THERE'S DANNY TANNER cradling the baby Olsen Twins, playing the straight man to Dave Coulier and not touching "the hair." And the years as America's chief purveyor of nut shots, flat oneliners, and fat chicks falling down.

Then suddenly, when he stood up in Half Baked and said, "I used to suck dick for coke," everything changed.

Spotless as Danny Tanner, Saget played for shock and got it. His torrent of dirty fuck jokes continued in The Aristocrats, Entourage, and an HBO standup special. But between these two poles, who is the real Bob Saget? And so, on an otherwise gray afternoon the phone rang.

"Bob Saget here," came over the line. "How are you?" He was driving, but promised to pull over if things got serious.

My comedian friends had prepared me for the worst. "Oh Jesus," they said. "Get ready for sad attempts to convince you he's blue" (the term for a filthy comic). But they were wrong. Saget, as it turns out, was doing blue material long before donning the sweater vest.

"I've been doing it for 35 years," he says. "I started when I was 17." Referring to LA's golden age of standup, as described in the new book I'm Dying up Here, Saget says, "I was there." And it's true, he was, although he is mentioned in the book just once, in passing. Saget is happy to fill in the details.

"It was a weird life," he says. "I went to the Comedy Store and I emceed the room for, like, eight years, working for almost nothing." He goes on to tell some of his earliest jokes. "My act goes: I have no life, I have no friends, and I live in a moped." It's awkward, but he tells another. "I have the brain of a German Shepherd and the body of an 18-year-old boy. They're both in my trunk and I don't want you to see them." Saget seems halfway to acknowledging the jokes are odd and stupid. "It's all about weird, inappropriate stuff," he says.

When he got both the Full House and America's Funniest Home Videos jobs, Saget didn't think they'd last (each ran for nearly a decade). And though he says he's "guilty as charged" of writing the jokes on America's Funniest Home Videos, he's thankful. "I've come to embrace them—I wouldn't have the audience that I get to have now," he says. "I literally feel like I'm just starting my career."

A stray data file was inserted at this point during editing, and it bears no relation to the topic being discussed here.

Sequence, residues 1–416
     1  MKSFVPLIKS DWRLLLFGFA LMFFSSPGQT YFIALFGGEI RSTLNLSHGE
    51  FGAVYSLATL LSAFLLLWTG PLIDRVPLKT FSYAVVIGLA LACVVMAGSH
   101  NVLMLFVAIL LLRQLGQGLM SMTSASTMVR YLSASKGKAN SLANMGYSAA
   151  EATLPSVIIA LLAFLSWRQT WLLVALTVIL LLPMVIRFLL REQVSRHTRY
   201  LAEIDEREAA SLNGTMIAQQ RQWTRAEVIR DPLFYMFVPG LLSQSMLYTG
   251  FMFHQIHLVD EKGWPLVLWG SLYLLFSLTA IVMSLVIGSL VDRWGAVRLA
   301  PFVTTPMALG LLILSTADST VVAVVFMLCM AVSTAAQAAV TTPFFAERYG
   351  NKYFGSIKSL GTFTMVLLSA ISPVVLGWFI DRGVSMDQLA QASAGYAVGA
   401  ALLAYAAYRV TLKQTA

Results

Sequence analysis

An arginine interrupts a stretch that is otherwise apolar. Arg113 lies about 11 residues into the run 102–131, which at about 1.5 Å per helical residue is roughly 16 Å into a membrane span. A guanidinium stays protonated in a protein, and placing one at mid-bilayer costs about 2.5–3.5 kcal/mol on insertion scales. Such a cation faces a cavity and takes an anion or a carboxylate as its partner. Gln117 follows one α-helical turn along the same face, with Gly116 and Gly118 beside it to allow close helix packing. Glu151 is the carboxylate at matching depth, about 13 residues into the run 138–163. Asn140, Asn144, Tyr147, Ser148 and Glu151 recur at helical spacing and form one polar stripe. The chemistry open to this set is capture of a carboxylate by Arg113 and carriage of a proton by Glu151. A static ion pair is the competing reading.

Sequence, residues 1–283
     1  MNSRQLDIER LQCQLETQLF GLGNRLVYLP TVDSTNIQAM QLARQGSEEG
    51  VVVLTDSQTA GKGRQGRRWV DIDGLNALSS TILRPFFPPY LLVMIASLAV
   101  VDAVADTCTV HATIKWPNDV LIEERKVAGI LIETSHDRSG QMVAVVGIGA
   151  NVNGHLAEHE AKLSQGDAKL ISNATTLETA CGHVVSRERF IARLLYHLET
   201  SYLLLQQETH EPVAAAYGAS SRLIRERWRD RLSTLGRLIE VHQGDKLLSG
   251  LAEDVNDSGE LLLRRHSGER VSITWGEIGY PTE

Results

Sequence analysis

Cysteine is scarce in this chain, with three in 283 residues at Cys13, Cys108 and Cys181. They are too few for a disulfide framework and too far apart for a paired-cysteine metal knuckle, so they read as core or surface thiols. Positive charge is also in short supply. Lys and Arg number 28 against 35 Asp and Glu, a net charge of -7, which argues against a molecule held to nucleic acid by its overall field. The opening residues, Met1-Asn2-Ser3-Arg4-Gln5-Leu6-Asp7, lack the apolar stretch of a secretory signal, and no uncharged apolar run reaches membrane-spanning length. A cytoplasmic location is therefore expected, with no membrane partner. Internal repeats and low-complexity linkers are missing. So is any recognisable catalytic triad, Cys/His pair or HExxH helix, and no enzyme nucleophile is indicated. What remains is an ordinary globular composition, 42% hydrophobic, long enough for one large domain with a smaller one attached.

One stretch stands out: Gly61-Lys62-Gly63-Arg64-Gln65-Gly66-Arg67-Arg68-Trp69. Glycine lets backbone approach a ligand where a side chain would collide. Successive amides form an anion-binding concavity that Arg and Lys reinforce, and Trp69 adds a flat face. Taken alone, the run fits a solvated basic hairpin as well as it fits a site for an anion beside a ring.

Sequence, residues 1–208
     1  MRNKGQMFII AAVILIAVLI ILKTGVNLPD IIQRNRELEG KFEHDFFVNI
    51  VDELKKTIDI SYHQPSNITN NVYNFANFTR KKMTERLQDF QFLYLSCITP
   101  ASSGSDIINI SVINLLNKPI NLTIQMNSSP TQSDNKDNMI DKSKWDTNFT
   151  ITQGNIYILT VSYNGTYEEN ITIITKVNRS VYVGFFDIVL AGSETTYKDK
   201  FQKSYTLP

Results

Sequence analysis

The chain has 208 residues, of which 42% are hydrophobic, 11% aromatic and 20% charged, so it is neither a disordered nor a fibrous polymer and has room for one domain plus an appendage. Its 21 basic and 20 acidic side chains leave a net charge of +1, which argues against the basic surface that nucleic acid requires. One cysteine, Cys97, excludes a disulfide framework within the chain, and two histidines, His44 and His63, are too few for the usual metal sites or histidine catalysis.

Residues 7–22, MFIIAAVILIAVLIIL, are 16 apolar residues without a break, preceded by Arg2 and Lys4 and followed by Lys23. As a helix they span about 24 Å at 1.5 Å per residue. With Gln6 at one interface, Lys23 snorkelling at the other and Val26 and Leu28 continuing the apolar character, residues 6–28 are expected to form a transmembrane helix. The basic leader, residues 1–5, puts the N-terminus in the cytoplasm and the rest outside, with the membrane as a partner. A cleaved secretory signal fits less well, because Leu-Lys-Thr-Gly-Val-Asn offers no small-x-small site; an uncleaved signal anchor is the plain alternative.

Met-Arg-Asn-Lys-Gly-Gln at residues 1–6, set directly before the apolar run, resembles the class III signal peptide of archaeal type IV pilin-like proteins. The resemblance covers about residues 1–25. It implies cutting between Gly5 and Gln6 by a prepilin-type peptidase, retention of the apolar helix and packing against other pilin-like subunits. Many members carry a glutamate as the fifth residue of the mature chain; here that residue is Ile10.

So is Saget worried about being pigeonholed as a dirty comic in this new career? "I was pigeonholed [as being a] G-rated talent," he says. "Pigeonholing sounds like a terrible thing to do to an animal. The term pigeonholing sounds like you're animal abusing." Uh huh. "This is how badly I'm trying to make people laugh at the stupidest, dumbest, sex-with-animals material," he admits, but continues to riff. The joke is going nowhere. "Allow me to be more clear: Pigeonholing sounds like you're doing something to an animal."

"I get it, Bob."

"I'm just trying to kid. I know you got it"—but he continues relentlessly. "I want to read the term 'pigeonholing' 12 times in your paper." He's not done: "It's illegal in four states." And thus, I discovered the crux of Bob Saget's comedy: cloying. The man, however, is pretty genuine, caring, and optimistic for a guy who knows he's often the butt of the joke. Even if that joke is often funnier than the ones he's telling.